"Did you read the article?" Charles asked Anna. "You remember the guy, don't you?"
"What's it about?" Ben asked, heaping salad on his plate.
"It happened a few years ago, a man your dad knew," Anna started.
"'Collided with' is more like it. It's about a young man who got too big for his britches," Charles said, "and caused me a lot of grief in the process. I guess you were still in high school, Ben. Do you remember all that trouble?"
"Vaguely," Ben replied with a wink to his mother. "I remember you being grumpy all the time."
"That boy was so young," said Anna, "and success came almost too quickly, don't you think? I hope he has had the opportunity to get back on his feet."
"Well," Charles said, "he had it coming, I tell you. I hope he learned his lesson that there's some things money can't buy ... like integrity and dignity."
"Don't get upset, honey." Anna smiled. "It'll give you indigestion."
"You're right," Charles said. "This quiche is delicious, by the way."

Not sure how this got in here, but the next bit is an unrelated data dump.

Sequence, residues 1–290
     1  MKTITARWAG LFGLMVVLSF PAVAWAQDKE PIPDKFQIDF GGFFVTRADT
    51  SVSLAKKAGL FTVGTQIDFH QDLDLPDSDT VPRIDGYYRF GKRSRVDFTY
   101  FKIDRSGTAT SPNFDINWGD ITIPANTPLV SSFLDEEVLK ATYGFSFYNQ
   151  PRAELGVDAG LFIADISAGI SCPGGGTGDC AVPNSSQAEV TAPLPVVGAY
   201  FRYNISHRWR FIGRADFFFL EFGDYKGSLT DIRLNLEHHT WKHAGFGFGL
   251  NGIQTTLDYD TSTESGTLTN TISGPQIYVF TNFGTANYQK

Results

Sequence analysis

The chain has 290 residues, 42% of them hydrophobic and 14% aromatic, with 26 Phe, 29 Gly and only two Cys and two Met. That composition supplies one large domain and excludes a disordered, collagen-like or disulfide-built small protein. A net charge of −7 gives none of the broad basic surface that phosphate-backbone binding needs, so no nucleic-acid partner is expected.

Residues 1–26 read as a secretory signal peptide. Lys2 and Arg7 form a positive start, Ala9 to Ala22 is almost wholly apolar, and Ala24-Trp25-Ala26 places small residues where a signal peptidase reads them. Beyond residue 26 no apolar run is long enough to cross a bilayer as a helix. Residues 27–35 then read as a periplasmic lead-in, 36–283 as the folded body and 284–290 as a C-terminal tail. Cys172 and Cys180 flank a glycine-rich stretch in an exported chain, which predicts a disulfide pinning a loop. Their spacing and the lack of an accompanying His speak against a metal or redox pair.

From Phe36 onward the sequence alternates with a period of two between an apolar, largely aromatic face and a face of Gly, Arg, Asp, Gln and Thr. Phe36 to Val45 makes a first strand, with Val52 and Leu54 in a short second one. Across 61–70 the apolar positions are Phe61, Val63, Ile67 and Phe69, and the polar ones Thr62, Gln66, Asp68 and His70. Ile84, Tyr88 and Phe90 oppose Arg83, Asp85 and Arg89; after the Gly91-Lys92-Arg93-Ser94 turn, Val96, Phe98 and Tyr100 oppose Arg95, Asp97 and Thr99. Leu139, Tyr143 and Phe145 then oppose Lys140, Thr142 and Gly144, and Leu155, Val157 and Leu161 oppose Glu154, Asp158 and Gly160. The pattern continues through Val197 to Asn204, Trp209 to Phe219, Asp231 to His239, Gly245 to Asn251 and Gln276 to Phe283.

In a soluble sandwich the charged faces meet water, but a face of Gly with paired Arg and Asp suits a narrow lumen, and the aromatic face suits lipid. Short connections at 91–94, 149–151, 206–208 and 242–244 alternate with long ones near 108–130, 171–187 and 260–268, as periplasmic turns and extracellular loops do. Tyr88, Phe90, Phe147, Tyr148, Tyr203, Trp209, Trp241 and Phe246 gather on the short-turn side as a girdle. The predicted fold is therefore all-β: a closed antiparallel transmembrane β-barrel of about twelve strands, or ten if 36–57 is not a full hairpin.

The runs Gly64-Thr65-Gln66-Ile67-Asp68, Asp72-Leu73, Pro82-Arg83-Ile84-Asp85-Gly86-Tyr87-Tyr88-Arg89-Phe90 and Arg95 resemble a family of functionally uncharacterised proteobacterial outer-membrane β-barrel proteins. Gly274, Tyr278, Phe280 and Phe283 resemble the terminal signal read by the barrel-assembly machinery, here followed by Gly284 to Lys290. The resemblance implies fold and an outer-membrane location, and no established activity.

"Can I help you with anything for the party, Mom?" Ben asked.
The conversation turned to logistics, and Anna handed out each of their responsibilities. The family entertained frequently and had evolved into a well-rehearsed team. Ben would take care of the music, pick up the grandparents, and arrange the fairy lights and folding tables on the patio. Anna would coordinate the catering and flowers. Charles would be in charge of the beverages and greeting guests at the door. Ben had also secretly conspired to coordinate the entrance of Charles's surprise for Anna. Since the party had been planned around the theme of their honeymoon in Mexico, with food and decorations to match, Charles had asked Ben to secretly arrange for a Mariachi band to serenade her with their favorite songs from that time. Since their honeymoon had been brief and on a strict budget, Charles was determined to make this party special. Ben was also conspiring with his sister for a surprise of their own. They had both sat for a portrait with a local artist, something their parents had expressed a wish for but had never gotten around to. The wedding anniversary was the perfect opportunity, and the artist was setting the portrait in a beautiful frame and had even included in the background of the painting a collage of signs and reminders of many of their favorite activities they did as a family while growing up.